Washington Post Runs Vile Hit Piece Smearing Aaron Bushnell in Wake of Self-Immolation

Chris Menahan
Feb. 27, 2024

The Washington Post on Monday ran a vile hit piece smearing US Airman Aaron Bushnell for self-immolating outside the Israeli embassy in DC in protest of Israel's genocide of Palestinians in Gaza.

In an article titled, "Airman who set self on fire grew up on religious compound, had anarchist past," The Post sought to portray Bushnell as a victim of Christian religious extremism with "white privilege" who was angry not with Israel's US-backed genocide campaign but instead was frustrated "that critics of the war blame U.S. military support for Israeli military actions."

From The Washington Post, "Airman who set self on fire grew up on religious compound, had anarchist past":
Airman who set self on fire grew up on religious compound, had anarchist past

By Emily Davies, Peter Hermann and Dan Lamothe

Updated February 26, 2024 at 10:10 p.m. EST | Published February 26, 2024 at 8:10 a.m. EST
Less than two weeks before Aaron Bushnell walked toward the gates of the Israeli Embassy on Sunday, he and a friend talked by phone about their shared identities as anarchists and what kinds of risks and sacrifices were needed to be effective.

Bushnell, 25, mentioned nothing violent or self-sacrificial, the friend said.

Then on Sunday, Bushnell texted that friend, who described the exchange on the condition of anonymity to protect his safety.

"I hope you'll understand. I love you," Bushnell wrote in a message reviewed by The Washington Post. "This doesn't even make sense, but I feel like I'm going to miss you."

He sent the friend a copy of his will on Sunday. In it, he gave his cat to his neighbor and a fridge full of root beers to the friend.

Twelve minutes later, Bushnell, who was a senior airman in the U.S. Air Force, doused himself with a liquid and set himself on fire. He had posted a video online saying he did not want to be "complicit in genocide." He shouted "Free Palestine" as he burned.

Secret Service officers extinguished the blaze. Bushnell died seven hours later at a hospital.

His suicidal protest instantly won him praise among some antiwar and pro-Palestinian activists, while others said they were devastated that he would take an action so extreme. But how a young man who liked The Lord of the Rings and karaoke became the man ablaze in a camouflage military uniform remains a mystery, even among some of his closest friends.

Bushnell was raised in a religious compound in Orleans, Mass., on Cape Cod, according to Susan Wilkins, 59, who said she was a member of the group from 1970 to 2005. She said that she knew Bushnell and his family on the compound and that he was still a member when she left. Wilkins said she heard through members of Bushnell's family that he eventually left the group.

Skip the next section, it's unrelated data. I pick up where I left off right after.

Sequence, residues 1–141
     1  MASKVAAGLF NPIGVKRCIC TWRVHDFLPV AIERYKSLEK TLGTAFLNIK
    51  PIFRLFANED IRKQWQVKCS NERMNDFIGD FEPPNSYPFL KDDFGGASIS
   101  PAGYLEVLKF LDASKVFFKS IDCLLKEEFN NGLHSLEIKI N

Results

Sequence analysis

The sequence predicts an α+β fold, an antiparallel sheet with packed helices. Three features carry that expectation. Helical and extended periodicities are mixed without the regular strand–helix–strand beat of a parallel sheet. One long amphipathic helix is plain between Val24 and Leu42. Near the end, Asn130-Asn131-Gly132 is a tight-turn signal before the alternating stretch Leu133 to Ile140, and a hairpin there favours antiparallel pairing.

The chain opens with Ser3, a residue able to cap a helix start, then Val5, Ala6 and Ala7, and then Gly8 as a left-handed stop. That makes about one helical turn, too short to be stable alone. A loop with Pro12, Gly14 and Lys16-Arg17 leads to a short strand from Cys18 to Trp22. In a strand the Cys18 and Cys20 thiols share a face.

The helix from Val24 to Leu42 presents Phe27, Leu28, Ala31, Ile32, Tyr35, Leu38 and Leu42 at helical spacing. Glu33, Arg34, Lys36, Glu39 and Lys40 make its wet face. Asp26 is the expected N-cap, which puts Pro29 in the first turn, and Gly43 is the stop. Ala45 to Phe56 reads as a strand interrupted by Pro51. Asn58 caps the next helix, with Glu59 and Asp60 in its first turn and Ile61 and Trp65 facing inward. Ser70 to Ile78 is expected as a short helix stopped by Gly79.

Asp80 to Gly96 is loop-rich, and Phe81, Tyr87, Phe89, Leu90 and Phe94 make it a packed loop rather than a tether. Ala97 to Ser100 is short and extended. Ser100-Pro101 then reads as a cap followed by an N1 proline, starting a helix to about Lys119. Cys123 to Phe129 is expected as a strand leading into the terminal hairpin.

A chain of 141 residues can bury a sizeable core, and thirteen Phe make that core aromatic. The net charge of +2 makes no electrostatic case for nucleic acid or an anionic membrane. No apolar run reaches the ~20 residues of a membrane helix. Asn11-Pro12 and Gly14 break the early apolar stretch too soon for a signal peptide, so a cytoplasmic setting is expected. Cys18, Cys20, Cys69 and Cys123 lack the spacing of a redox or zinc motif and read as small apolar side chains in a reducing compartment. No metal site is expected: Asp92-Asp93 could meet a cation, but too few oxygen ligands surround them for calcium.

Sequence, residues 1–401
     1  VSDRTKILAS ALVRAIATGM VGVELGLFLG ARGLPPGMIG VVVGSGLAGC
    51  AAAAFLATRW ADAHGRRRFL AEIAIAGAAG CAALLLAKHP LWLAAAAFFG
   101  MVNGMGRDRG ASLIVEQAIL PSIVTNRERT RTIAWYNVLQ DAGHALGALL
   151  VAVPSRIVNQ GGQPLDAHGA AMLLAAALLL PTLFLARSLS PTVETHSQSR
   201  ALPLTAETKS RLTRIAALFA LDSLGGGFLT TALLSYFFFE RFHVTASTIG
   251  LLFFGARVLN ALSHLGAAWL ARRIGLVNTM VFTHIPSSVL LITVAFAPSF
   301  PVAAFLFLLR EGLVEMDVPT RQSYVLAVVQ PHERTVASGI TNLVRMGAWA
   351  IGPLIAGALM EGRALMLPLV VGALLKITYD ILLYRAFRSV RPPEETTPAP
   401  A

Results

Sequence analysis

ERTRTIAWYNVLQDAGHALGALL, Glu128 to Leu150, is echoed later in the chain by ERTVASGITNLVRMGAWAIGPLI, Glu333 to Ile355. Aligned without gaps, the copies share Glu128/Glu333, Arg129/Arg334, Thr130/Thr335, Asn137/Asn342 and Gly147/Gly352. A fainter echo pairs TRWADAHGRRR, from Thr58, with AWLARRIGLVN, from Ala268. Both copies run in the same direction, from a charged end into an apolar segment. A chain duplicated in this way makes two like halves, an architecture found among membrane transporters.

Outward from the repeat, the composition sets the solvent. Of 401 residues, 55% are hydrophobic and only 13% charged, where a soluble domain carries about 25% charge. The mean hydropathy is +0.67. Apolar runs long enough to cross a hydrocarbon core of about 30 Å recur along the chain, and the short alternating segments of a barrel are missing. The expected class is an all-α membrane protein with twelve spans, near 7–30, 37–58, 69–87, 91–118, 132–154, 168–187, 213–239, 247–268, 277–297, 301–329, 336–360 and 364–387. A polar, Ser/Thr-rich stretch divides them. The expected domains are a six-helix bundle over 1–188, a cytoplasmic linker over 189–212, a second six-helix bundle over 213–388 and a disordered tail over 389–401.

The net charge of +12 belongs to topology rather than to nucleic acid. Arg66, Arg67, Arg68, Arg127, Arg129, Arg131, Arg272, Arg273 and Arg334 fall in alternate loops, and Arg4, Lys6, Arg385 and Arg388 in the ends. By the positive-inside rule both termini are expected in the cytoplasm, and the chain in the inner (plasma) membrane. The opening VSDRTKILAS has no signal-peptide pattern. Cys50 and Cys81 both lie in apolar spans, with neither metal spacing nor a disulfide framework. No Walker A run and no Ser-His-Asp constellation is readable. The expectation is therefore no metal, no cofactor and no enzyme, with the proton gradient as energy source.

Wilkins's account is consistent with those of multiple others who said Bushnell had told them about his childhood in the religious group or who had heard about his affiliation from his family members.

The group, called the Community of Jesus, has faced allegations of inappropriate behavior, which it has publicly disputed. In a lawsuit against an Ontario school, where many officials were alleged to be members of the U.S.-based religious group, former students called the Community of Jesus a "charismatic sect" and alleged that it "created an environment of control, intimidation and humiliation that fostered and inflicted enduring harms on its students." The school, now defunct, disputed the allegations. Last year, an appeals court in Canada awarded $10.8 million Canadian dollars to the former students, who attended the Ontario school between 1973 and 1997.
Why doesn't the Washington Post do a deep dive on Netanyahu and top Israeli officials justfying their war on Gaza on religious grounds by citing ancient Biblical commandments to "wipe out Amalek" and "erase" the Palestinians as a people?

They're speculating wildly about Bushnell's beliefs and motivations but we have video evidence of Israeli officials and soldiers calling for genocide explicitly in Gaza and carrying it out.

Searching the Washington Post's archives, I can find one article from Max Boot defending Israel's call to wipe out "Amalek" and only one single article with one line criticizing it!
A receptionist who answered the phone at the Community of Jesus declined to put a call from a reporter through to someone in authority. Emails to the group were not answered.

Multiple people who said they were former members of the Community of Jesus described their years after leaving the compound as particularly challenging. They said former members, soon after they depart the group, often long for a sense of belonging.

"A lot of us that got out are very much into social justice, trying to defend those who don't or can't defend themselves, because that is what we went through," said Bonnie Zampino, 54, who said she was a member of the group for three years in the 1980s.